Wet your hands with a bit of water to prevent sticking, and take portions of the meat mixture to shape into cylindrical sausages. 

4. Grill the Mici:

Preheat your grill to medium-high heat. Grill the mici for about 10-15 minutes, turning them occasionally to ensure even cooking. 

5. Serve Hot:

Once done, serve the mici hot off the grill. Traditionally, they are enjoyed with mustard, fresh bread, and sometimes a side of pickles.

For an authentic mici experience, we recommend Terasa Obor in Bucharest—an interesting tavern situated for years near the biggest produce market in Romania – Obor Market.


These special treats are associated with celebrating the 40 Martyrs on the 9th of March and come in various regional variations. In most counties this dish is a big soft pastry in the shape of an 8, served in delicious syrup. In some other areas, they are little and boiled with walnuts in sugar water to give them a taste. The result is a fantastic sweet pasta soup with nuts and sweet aromas.

Mucenici is a delightful Romanian sweet treat associated with celebrating the 40 Martyrs. These twisted pastries are typically soaked in honey and often topped with chopped nuts and a hint of cinnamon. Here’s a simple recipe and the ingredients to make Mucenici at home:


For the Dough:

– 300g all-purpose flour

– 200ml warm milk

– 50g sugar

– 25g unsalted butter, melted

– 2 large eggs

– 1 teaspoon vanilla extract

– 1 teaspoon active dry yeast

– 1/2 teaspoon salt

For the Honey Syrup:

– 200g honey

– 100ml cup water

– Zest of 1 lemon

– 1 cinnamon stick (optional)

For Topping:

– Chopped nuts (walnuts or pistachios) for garnish

– Ground cinnamon for sprinkling


1. Activate the Yeast:

In a small bowl, combine warm milk and sugar. Sprinkle the yeast over the mixture and let it sit for about 5-10 minutes until it becomes foamy.

2. Prepare the Dough:

In a large mixing bowl, combine the activated yeast mixture with the melted butter, eggs, vanilla extract, and salt. Gradually add the flour, mixing until a soft dough forms. Knead the dough on a floured surface until smooth.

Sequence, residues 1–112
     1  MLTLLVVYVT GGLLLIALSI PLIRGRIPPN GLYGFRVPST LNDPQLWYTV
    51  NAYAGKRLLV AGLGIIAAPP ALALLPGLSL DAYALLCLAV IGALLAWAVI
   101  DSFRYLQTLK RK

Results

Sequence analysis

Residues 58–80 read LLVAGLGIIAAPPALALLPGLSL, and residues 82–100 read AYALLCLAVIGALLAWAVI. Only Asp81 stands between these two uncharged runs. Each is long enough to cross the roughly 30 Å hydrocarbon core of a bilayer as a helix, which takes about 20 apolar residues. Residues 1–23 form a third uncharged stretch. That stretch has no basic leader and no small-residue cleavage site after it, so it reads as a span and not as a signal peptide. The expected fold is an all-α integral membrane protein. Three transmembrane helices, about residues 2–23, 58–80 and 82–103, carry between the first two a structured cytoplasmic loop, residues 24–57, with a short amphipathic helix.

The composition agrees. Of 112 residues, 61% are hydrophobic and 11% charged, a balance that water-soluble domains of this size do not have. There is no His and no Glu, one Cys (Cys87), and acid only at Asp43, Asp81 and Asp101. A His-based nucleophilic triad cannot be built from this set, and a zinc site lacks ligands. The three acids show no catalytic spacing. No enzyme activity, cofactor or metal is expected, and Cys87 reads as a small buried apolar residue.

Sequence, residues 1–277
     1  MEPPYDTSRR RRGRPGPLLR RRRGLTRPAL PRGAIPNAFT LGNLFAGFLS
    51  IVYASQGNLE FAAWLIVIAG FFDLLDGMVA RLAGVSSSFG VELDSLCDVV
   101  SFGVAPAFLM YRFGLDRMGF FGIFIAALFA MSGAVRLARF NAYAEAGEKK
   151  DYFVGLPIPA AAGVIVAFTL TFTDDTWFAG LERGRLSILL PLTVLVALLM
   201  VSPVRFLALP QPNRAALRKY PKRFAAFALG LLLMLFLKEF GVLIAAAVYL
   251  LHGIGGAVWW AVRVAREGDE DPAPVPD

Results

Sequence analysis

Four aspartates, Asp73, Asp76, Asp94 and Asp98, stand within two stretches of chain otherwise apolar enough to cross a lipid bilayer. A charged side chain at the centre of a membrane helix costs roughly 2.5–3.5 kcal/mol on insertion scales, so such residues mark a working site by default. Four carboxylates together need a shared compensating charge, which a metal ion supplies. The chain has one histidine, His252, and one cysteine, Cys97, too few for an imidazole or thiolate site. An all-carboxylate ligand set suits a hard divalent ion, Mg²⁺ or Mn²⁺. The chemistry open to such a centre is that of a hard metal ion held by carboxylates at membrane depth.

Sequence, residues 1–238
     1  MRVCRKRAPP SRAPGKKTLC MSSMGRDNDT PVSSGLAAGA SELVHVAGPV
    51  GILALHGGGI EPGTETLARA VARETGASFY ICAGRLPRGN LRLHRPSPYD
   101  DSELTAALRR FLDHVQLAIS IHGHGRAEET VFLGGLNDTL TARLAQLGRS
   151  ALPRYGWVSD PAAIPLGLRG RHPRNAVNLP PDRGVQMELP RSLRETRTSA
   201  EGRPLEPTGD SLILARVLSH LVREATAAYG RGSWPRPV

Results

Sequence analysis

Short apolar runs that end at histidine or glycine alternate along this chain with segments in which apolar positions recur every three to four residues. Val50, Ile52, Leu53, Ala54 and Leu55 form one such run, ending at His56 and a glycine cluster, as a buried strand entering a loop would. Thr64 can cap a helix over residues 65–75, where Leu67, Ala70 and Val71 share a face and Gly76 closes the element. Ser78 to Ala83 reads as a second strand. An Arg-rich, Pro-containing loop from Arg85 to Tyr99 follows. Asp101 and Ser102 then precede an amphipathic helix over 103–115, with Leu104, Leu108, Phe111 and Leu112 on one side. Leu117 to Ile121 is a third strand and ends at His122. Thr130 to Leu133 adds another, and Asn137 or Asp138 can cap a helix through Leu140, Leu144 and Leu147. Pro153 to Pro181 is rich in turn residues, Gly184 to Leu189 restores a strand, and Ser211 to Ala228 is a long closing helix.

3. Let the Dough Rise:

Place the dough in a lightly oiled bowl, cover it with a kitchen towel, and let it rise in a warm place for about 1-2 hours or until it doubles in size.

4. Shape the Mucenici:

Preheat your oven to 350°F (175°C). Shape portions of the risen dough into long, thin ropes. Form each rope into a twisted figure-eight shape, resembling the number 8.

5. Bake the Mucenici:

Place the shaped mucenici on a baking sheet lined with parchment paper and bake for 15-20 minutes or until golden brown.

6. Prepare the Honey Syrup:

While the mucenici are baking, heat honey, water, lemon zest, and a cinnamon stick (if using) in a small saucepan. Simmer for a few minutes until the syrup thickens slightly. Remove the cinnamon stick and lemon zest.

7. Soak the Mucenici:

Once the mucenici are out of the oven, immerse them in the honey syrup while they are still warm. Ensure they are well-coated with the syrup.

8. Garnish and Serve:

Place the honey-soaked mucenici on a serving platter, sprinkle them with chopped nuts, and a dash of ground cinnamon.

This treat is seasonal and can only be found during March. It can be found in most bakeries, but we recommend you try it at a local’s home if possible. 


Bulz is a traditional Romanian dish with a hearty combination of polenta and cheese, usually grilled or baked. It’s a flavorful and comforting dish, perfect for those who appreciate Romanian cuisine’s rustic and wholesome elements. 

This is a simple and traditional recipe that has been passed down from generation to generation, and that’s why there are multiple variations of it. Most of these recipes share similarities, with the main distinction being the filling. In Moldova, people use kneaded cheese, while in Oltenia, people prefer cottage cheese, combining them in different ways, and sometimes they even like including additions such as bacon or other types of meats.

Bulz is a traditional Romanian dish that features a hearty combination of polenta and cheese, usually grilled or baked. Here’s a simple recipe to make Bulz at home:


– 200g coarse cornmeal (polenta)

– 1 L water

– 1 teaspoon salt

– 100g crumbled feta cheese or a similar salty cheese 

– 100g grated smoked cheese (or another melting cheese)

– 30g butter, melted

– Optional: Smoked bacon bits, chopped green onions, or herbs for garnish